Facebook is the world’s largest sports stadium. Sort of a weird fact to throw out there, but given its access to a billion-plus daily users, it’s not a completely out of place Friday fun fact.
The social networking giant says it counts some 650 million users as sports fans and to help engage them in a deeper way, Facebook has launched a dedicated platform for real-time updates on games, popular posts from fans, statistics and commentary from experts.
Facebook Sports Stadium may also be stepping up to the podium to take even more of Twitter’s turf. The micro-blogging site has long been a destination for sport nuts to live-tweet play-by-play action. But Facebook wants a bigger slice of the pie.
It’s a move not uncommon for tech giants. China’s Sina counts some 500 million users on its Sina Sports platform and is actively pitching for broadcasts rights around the globe – the most recent being an exclusive deal with Manchester United. The likes of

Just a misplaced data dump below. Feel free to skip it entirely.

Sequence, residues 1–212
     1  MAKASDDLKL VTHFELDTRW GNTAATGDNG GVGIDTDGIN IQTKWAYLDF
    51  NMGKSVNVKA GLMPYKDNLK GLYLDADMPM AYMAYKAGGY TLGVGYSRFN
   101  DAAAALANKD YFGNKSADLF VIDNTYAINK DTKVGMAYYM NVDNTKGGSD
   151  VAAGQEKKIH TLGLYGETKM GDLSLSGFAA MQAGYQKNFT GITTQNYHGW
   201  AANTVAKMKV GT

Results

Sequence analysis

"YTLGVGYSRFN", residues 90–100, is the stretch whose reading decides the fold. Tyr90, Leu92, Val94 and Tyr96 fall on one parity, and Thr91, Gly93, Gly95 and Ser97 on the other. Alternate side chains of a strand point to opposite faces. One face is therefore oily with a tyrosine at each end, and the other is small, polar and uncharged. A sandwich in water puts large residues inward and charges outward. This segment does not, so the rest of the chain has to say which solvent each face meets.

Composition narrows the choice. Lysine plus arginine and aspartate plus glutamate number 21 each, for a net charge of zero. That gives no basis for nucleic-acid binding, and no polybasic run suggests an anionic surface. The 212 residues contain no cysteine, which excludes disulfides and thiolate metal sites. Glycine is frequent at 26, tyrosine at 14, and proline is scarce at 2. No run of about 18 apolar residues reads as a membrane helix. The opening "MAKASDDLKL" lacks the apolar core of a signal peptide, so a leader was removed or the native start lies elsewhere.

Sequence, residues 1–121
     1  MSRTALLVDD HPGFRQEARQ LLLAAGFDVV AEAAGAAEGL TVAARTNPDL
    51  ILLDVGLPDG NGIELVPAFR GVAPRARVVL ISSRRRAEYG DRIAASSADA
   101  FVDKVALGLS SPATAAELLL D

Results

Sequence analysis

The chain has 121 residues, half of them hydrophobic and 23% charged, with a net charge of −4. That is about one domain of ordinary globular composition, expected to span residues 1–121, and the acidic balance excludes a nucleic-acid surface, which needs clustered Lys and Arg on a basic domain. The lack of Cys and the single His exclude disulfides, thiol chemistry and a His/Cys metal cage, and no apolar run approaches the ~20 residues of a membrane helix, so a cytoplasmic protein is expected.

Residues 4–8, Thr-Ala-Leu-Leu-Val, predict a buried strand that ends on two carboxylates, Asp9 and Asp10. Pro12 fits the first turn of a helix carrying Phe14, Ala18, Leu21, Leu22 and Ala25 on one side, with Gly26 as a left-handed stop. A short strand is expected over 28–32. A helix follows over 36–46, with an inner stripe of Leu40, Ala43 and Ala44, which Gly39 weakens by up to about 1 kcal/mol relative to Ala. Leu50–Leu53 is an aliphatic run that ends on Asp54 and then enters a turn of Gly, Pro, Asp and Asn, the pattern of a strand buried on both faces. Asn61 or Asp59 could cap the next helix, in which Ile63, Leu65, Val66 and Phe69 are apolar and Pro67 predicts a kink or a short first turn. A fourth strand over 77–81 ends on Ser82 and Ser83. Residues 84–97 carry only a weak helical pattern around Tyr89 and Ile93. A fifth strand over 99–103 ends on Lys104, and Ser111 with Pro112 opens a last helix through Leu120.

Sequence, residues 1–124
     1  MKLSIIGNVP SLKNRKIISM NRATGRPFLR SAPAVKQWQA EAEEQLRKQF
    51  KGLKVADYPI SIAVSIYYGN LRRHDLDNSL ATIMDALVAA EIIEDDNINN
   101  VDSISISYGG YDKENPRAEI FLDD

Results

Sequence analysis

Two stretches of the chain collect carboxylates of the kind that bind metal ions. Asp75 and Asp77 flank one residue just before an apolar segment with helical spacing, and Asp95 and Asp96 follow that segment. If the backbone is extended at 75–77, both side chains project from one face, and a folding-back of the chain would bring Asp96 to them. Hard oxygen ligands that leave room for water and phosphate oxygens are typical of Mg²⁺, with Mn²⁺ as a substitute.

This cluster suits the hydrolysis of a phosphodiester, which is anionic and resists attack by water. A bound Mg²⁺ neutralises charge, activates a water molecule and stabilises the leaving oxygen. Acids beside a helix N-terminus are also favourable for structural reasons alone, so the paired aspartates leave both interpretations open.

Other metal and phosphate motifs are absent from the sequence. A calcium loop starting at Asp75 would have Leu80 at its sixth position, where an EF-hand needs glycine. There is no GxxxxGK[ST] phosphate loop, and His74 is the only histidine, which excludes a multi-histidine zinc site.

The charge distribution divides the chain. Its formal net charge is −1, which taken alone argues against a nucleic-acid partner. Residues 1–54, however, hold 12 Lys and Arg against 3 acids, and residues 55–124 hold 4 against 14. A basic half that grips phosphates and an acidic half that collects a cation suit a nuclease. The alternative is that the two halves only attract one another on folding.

But Facebook thinks it can offer something new and it’s probably right. Like it or not the likes of ESPN, SB Nation and Fox Sports, while among the biggest sports platforms globally, still operate as traditional media and can not offer – real-time interaction with friends via a platform they spend loads of time on.
It probably won’t seem out of place to see Facebook start bidding for digital broadcast rights to major sporting event sometime soon. Digital right is something that will no doubt become as lucrative, if not more, than traditional and pay-TV rights. It is, after all an Olympic year.
It also may be the start of more business verticals for the social networking giant as looks for new ways to build communities around its massive user base.